union·​ism | \ ˈyün-yə-ˌni-zəm How to pronounce unionism (audio) \

Definition of unionism

: the principle or policy of forming or adhering to a union: such as
a capitalized : adherence to the policy of a firm federal union between the states of the United States especially during the Civil War period
b : the principles, theory, advocacy, or system of trade unions

Examples of unionism in a Sentence

Recent Examples on the Web Despite this lavish outlay, both candidates have presented themselves as friends of the working class, acknowledging Montana’s past and present as a relative bastion of unionism. E. Tammy Kim, The New Yorker, "The Montana Voters Who Could Decide Control of the Senate," 21 Oct. 2020 Republican stances on economic issues — anti-unionism and opposition to public welfare — pitted them against the poor. Richard A. Gallun, Milwaukee Journal Sentinel, "Opinion: A Wisconsin business leader and his reluctant divorce from the Republican Party," 8 Oct. 2020 The second important problem is the one involved in the internal dispute over the type of labor unionism to be fostered in this country. Editorial Board Star Tribune, Star Tribune, "From the archives: For labor, this is 'more than a day of rest'," 4 Sep. 2020 Issues of great importance to labor and to the nation are centered in the current dispute between industrial and craft unionism. Editorial Board Star Tribune, Star Tribune, "From the archives: For labor, this is 'more than a day of rest'," 4 Sep. 2020 As a result, California textbooks are more likely to celebrate unionism, critique the concentration of wealth and focus on how industry pollutes the environment. New York Times, "Two States. Eight Textbooks. Two American Stories.," 12 Jan. 2020 Business unionism, which organizes around specific goals for employees rather than a wider class struggle, was the dominant orientation of the labor movement in the U.S. though much of the 20th century. Ruben J. Garcia, The Conversation, "The Culinary Union of Nevada takes a pass on endorsing – here’s why that may be a winning political strategy," 21 Feb. 2020 Immigration in the 19th century has left bits of central Scotland with echoes of Northern Irish politics, in which nationalism is associated with Catholicism, and unionism with Protestantism. The Economist, "Scotland’s three-dimensional election," 30 Nov. 2019 This kind of campus-wide organizing reflects the growing shift toward rank-and-file unionism within the #RedforEd movement. Kim Kelly, The New Republic, "The Next Big Labor Strike Hits Oregon," 27 Sep. 2019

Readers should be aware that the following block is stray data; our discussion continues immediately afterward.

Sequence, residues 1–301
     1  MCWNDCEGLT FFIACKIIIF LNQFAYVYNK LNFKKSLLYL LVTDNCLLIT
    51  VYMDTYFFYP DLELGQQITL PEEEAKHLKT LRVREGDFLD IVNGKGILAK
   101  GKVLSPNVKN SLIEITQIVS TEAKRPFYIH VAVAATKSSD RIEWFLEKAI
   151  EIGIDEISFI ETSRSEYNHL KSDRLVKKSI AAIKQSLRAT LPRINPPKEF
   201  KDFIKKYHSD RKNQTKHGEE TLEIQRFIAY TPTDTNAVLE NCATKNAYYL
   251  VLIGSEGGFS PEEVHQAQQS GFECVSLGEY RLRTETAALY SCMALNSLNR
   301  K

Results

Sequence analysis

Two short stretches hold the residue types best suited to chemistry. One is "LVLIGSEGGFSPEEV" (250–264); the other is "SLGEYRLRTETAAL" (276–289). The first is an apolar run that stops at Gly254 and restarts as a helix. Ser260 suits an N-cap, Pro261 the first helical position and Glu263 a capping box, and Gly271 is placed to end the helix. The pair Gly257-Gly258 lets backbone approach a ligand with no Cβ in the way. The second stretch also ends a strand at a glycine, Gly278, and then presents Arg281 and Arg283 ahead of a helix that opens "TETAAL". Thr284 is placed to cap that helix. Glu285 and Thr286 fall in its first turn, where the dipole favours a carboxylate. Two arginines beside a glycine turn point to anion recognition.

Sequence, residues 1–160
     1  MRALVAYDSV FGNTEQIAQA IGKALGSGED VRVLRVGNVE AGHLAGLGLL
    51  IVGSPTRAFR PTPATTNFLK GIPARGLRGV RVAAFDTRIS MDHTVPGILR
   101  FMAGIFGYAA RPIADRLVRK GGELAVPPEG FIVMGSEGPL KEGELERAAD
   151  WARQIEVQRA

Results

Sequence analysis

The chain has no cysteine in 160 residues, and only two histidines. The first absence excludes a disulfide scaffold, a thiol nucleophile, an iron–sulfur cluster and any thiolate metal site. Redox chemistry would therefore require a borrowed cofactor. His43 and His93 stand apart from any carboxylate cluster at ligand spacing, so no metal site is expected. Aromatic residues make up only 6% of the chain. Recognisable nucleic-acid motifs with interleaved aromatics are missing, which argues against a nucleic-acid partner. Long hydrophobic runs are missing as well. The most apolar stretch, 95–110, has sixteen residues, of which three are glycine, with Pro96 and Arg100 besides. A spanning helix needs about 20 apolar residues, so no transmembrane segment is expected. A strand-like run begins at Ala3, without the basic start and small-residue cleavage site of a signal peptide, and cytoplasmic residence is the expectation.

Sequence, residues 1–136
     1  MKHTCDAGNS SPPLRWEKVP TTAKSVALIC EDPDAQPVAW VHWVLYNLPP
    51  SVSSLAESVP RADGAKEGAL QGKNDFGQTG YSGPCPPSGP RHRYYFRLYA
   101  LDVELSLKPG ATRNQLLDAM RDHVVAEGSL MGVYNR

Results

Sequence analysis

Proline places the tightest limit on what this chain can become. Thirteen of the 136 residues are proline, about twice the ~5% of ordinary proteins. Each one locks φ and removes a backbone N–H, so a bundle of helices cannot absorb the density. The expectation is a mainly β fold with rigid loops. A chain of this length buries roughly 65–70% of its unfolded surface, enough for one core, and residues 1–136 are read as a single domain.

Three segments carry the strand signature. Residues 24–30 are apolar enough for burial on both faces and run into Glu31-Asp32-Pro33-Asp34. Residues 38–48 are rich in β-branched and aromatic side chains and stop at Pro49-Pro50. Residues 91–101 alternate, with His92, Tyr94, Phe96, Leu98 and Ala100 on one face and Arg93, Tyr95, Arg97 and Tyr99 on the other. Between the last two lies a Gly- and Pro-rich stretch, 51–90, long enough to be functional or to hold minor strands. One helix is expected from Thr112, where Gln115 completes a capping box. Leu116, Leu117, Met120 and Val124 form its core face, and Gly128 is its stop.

These example sentences are selected automatically from various online news sources to reflect current usage of the word 'unionism.' Views expressed in the examples do not represent the opinion of Merriam-Webster or its editors. Send us feedback.

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First Known Use of unionism

1831, in the meaning defined above

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The first known use of unionism was in 1831

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Last Updated

27 Oct 2020

Cite this Entry

“Unionism.” Merriam-Webster.com Dictionary, Merriam-Webster, https://www.merriam-webster.com/dictionary/unionism. Accessed 31 Oct. 2020.

More from Merriam-Webster on unionism

Britannica.com: Encyclopedia article about unionism

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